Informative account of how globalism was spawned by English socialism (or Ingsoc per Orwell's Nineteen Eight-Four). The point of origin was 19th century British imperialism which Victorian administrators projected world dominion as inevitable. The media was on board early promoting a 'Parliament of man' (Tennyson, 1842) under the rule of a 'Greater Britain' (NYT, 1897) composed of the UK, US, and other English-speaking countries.
Higher ed joined in as well. Oxford professor John Ruskin inspired generations of bureaucrats with his 'Reign or Die' lecture of 1870. He argued that the British Empire should conquer barbarous peoples and spread what amounted to socialist values across the globe. It should be noted that Ruskin called himself a Communist before Marx completed his seminal Das Kapital work.
Backed by the legitimacy of the professoriate, British statesman such as Cecil Rhodes and Alfred Miner lead the country's leadership down the globalization path. Miner established 'Round Table' groups to promote a worldwide federation of English-speaking countries. In each target country, local leaders were recruited as 'Judas goats' to lead their countries to the slaughter of WWI. The 'War that Will End War,' wrote novelist H.G. Wells in 1914, would result "in a Peace League that will control the globe." Wells, by the way, was among British mediates recruited by Britain's War Propaganda Bureau (a.k.a. Wellington House) as a secret operative.
British leaders knew that the Peace League would never come about without US support. Thus, British intelligence worked to penetrate the Wilson White House--an endeavor that proved easy. Among their top recruits was Edward House, a close advisor to the president with generational ties to England. House worked with British spies, including US station chief for the SIS Sir William Wiseman, to influence US policy toward participation in WWI and assembling the subsequent Peace League. British Foreign Secretary Sir Edward Grey coined the term 'League of Nations' that, through the persuasive influence of House, Wilson proposed to the world.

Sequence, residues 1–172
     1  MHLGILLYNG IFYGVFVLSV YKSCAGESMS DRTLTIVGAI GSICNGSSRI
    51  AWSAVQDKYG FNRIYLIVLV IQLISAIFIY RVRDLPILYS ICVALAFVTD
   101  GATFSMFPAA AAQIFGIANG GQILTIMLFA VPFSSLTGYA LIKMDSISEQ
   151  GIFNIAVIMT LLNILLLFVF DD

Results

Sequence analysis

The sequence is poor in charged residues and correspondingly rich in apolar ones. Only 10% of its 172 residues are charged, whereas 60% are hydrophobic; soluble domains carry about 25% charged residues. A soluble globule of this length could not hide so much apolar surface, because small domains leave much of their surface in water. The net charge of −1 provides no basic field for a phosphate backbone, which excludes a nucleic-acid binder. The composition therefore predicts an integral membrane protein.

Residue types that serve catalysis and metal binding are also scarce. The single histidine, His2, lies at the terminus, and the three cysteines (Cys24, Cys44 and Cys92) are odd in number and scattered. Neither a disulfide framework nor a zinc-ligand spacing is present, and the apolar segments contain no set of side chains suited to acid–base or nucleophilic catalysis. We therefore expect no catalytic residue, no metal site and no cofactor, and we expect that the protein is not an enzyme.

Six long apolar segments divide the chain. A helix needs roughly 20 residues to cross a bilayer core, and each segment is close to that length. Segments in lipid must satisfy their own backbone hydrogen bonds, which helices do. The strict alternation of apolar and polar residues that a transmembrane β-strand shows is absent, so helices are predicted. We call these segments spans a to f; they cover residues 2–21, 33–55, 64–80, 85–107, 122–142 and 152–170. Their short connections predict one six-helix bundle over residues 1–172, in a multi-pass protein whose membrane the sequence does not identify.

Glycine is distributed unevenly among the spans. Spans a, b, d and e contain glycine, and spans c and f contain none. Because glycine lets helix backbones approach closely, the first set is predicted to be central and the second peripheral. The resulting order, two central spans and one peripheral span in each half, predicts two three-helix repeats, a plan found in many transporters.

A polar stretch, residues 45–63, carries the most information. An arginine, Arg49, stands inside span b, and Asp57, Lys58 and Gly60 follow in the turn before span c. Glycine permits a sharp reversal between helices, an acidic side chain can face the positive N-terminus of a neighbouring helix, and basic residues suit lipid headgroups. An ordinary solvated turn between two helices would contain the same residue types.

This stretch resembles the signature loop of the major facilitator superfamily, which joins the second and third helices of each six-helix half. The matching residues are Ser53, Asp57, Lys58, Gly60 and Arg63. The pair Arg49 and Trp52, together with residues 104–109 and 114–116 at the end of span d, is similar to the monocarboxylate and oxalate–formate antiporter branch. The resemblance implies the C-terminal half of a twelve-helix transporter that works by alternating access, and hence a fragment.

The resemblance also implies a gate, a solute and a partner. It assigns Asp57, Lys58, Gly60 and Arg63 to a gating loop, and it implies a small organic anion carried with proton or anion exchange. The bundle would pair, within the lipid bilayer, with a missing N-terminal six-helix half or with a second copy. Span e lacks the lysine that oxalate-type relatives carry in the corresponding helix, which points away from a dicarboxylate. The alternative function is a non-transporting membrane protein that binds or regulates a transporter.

It should be plain, then, that counter to narrative of popular history, President Wilson was not the father of globalism. Instead, he was merely a high profile mouthpiece for an idea that had been nearly a century in the making.
Following WWI, House and Wiseman guided Wilson's every move at the 1919 Paris Peace Conference. To the disdain of British globalists, however, Wilson could not persuade the US Senate to vote in favor of the League of Nations. Consequently, globalist sympathizers in the UK and US governments established groups, such as the US Council on Foreign Relations, to coordinate policy in a manner that kept the torch burning.
As we now know, Wells' War that Would End War didn't do the trick. In midst of WWII, Winston Churchill picked up the torch of globalism, calling for a 'special relationship' between US and UK to form a 'world organization' that prevent another world war. The United Nations was subsequently founded in 1945.
But how could there be peace without tools for war that would keep the peace? Churchill argued that yet another English-speaking groups authorized to make war was necessary to enforce the globalist vision. Thus, NATO in 1949.
And so became the British foundation for globalism foreseen by Orwell and in play today.